Monday, 1 August 2011

The Risks In Wildcard Certificates

They may not be real-world problems, but Wildcard Certificate have some definite theoretical problems. But they can be so much cheaper that users will buy them anyway.

The imperative to use SSL, for web authentication and encryption or VPNs, is reasonably universal. Competition has driven prices of certificates down over the years to the point where you can get conventional SSL certificates from reputable vendors for well under $100 per year.

Another product gaining popularity due to competition is the Wildcard SSL Certificate. A conventional certificate works on a single domain, e.g. A wildcard certificate protects all subdomains of a domain subject to the use of wildcard characters in the name. So a wildcard certificate for * protects,,,, and so on.

I have received many notes from vendors about them, both as press and as a prospective customer. Most CAs (certificate authorities) clearly see them as a way to grow markets. If you've got a lot of domains you can save a lot of money with a wildcard certificate relative to buying individual certificates for them, but not from all vendors. VeriSign, the 800 lb. gorilla in the CA room, prices wildcard certs by the domain being protected, so that they don't save much, if any money outright.

There is still a potential to save in convenience of administration with a wildcard certificate. But there are real downsides to wildcard certificates. When things go wrong the convenience may evaporate quickly. The VeriSign site lists their take on the disadvantages of wildcard certs:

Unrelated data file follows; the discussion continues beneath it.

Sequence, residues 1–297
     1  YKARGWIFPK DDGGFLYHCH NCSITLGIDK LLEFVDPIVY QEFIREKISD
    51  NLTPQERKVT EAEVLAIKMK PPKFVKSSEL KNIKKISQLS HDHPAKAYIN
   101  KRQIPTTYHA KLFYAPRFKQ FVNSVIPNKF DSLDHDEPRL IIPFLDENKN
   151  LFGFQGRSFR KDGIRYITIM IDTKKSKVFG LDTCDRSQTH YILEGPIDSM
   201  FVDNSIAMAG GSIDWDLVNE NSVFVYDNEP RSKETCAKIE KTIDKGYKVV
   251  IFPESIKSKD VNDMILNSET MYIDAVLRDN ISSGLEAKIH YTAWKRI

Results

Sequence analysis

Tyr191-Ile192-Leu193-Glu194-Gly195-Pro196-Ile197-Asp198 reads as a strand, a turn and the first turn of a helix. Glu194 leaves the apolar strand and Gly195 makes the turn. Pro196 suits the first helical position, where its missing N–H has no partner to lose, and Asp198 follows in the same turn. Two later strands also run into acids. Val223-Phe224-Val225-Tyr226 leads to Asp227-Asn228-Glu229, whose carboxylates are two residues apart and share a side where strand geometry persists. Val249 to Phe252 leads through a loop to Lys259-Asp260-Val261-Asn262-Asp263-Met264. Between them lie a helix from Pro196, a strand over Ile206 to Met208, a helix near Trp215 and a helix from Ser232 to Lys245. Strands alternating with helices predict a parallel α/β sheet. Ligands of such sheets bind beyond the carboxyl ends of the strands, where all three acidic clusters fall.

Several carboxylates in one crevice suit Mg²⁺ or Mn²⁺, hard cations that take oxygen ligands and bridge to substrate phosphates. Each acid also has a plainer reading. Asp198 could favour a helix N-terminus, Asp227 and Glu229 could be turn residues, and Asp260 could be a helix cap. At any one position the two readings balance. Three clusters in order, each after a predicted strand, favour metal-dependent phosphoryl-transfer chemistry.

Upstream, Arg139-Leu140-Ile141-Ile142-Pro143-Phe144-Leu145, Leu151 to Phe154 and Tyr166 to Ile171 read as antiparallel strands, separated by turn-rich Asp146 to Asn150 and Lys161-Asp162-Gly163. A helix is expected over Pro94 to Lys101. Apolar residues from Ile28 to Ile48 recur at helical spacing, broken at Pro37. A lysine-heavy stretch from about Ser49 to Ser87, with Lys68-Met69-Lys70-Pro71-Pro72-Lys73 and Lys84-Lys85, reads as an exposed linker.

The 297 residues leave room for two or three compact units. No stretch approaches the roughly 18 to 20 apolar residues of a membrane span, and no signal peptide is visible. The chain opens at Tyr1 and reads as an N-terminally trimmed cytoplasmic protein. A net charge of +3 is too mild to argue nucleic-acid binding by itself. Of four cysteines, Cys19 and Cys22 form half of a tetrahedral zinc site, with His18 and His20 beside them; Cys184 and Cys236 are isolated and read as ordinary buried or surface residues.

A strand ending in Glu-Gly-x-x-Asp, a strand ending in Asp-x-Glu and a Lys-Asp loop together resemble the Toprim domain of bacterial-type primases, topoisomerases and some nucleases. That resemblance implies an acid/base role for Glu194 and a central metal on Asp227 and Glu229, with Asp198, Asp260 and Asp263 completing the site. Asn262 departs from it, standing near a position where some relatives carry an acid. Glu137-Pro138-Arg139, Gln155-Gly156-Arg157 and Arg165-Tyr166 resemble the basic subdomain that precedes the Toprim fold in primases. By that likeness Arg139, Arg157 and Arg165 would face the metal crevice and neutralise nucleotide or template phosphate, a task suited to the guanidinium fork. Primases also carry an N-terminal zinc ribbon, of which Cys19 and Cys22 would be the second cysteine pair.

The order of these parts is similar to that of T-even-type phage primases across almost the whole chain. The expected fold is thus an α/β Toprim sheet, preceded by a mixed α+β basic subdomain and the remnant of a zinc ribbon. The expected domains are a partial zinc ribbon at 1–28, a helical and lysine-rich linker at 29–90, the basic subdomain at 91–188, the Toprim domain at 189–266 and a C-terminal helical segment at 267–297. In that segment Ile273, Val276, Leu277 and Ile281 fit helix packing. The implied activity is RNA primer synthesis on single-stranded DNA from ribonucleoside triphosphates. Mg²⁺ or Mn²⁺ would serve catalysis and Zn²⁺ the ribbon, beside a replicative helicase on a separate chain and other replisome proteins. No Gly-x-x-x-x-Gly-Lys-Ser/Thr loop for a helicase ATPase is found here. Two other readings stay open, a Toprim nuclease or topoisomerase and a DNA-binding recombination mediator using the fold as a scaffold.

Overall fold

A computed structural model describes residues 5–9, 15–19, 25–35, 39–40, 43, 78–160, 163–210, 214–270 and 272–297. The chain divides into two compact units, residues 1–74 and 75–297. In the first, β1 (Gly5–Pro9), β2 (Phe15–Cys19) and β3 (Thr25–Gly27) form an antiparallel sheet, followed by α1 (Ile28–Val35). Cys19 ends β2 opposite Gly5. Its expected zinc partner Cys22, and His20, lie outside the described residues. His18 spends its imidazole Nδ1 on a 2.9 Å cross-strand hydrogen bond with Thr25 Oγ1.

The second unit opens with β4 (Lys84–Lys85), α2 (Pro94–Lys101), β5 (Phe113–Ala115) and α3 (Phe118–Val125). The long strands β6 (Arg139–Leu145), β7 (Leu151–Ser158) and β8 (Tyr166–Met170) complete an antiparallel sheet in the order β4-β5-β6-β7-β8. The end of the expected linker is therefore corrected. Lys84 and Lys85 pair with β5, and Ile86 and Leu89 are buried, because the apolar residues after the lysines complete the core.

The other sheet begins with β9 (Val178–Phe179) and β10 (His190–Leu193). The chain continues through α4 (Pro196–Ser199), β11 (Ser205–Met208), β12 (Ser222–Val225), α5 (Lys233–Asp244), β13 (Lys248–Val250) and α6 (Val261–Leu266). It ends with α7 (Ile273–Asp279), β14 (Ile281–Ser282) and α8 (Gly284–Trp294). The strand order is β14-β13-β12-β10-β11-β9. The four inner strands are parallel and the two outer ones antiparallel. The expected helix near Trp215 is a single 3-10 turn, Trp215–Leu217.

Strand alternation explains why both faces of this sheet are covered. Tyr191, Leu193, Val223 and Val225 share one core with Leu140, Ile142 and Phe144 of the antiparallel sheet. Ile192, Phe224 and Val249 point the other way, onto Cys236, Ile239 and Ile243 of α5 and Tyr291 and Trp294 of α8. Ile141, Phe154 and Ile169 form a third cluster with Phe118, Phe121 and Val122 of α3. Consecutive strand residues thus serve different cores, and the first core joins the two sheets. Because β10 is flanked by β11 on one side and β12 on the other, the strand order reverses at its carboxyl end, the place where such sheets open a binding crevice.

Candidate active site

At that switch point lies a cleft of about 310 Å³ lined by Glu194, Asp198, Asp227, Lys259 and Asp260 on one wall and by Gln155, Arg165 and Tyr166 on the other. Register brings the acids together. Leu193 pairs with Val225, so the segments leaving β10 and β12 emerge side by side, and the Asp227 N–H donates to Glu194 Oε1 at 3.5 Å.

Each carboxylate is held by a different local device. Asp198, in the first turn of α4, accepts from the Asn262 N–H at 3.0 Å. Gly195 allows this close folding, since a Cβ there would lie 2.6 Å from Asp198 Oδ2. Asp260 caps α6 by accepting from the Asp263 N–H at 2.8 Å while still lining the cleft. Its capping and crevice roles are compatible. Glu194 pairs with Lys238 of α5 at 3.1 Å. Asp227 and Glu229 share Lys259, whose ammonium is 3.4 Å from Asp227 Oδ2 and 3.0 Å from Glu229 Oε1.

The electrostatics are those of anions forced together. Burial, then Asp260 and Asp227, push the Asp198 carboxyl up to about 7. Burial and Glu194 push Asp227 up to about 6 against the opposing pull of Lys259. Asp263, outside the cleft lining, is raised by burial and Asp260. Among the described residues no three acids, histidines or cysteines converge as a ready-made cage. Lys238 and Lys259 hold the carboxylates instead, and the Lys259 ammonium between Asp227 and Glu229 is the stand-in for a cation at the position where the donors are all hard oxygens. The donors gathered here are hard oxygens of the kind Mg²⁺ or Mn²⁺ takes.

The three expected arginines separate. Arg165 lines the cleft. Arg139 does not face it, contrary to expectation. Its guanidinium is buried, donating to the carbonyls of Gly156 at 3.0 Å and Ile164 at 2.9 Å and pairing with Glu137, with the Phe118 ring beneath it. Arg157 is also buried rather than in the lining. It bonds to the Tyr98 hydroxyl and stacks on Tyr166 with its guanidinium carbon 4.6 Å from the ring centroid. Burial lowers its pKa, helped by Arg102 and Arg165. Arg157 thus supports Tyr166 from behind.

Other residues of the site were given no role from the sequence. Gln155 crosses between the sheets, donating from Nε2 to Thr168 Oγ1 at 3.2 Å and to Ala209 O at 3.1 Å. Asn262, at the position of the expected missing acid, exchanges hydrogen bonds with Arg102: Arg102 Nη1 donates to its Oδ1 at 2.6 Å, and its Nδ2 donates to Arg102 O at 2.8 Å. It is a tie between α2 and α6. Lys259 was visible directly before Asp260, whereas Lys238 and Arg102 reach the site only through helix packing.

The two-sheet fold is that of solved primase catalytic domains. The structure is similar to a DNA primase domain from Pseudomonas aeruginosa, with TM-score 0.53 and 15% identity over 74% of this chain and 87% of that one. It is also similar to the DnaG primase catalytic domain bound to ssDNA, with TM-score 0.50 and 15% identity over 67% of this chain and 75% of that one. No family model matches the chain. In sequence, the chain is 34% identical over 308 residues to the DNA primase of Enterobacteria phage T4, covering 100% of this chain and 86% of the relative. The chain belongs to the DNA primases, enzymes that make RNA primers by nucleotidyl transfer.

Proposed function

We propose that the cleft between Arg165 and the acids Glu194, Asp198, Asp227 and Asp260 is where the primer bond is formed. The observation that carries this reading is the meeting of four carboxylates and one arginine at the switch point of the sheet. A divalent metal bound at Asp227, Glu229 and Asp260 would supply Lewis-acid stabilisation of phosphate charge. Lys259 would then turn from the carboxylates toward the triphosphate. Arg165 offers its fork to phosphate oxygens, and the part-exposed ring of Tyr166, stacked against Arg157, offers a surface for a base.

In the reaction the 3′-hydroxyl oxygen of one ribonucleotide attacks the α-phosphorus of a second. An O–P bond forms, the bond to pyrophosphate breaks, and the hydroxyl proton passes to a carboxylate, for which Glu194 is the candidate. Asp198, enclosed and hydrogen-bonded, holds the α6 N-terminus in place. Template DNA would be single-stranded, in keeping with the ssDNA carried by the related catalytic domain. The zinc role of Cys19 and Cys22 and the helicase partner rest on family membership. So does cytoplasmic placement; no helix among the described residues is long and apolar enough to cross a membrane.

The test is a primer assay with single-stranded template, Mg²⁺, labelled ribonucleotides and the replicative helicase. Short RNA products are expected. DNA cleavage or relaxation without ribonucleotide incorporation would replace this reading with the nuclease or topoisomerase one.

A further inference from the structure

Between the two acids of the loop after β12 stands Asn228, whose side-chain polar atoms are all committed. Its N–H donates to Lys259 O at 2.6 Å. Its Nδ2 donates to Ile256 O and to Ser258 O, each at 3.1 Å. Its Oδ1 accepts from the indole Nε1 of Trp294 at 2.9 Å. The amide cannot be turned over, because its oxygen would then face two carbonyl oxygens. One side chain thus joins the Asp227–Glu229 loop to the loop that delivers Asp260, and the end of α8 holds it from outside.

• Security: If one server or sub-domain is compromised, all sub-domains may be compromised.
  • Management: If the wildcard certificate needs to be revoked, all sub-domains will need a new certificate.
  • Compatibility: Wildcard certificates may not work seamlessly with older server-client configurations.
  • Protection: VeriSign Wildcard SSL Certificate are not protected by NetSure extended warranty.

I hope it doesn't need to be said that VeriSign, as the dominant market player, has an interest in prices remaining high, so take their advice on wildcards in that light. The last point is VeriSign saying that wildcards get a lesser level of service from them, so that's not a problem inherent in the technology, but the other 3 points are reasonable generally.

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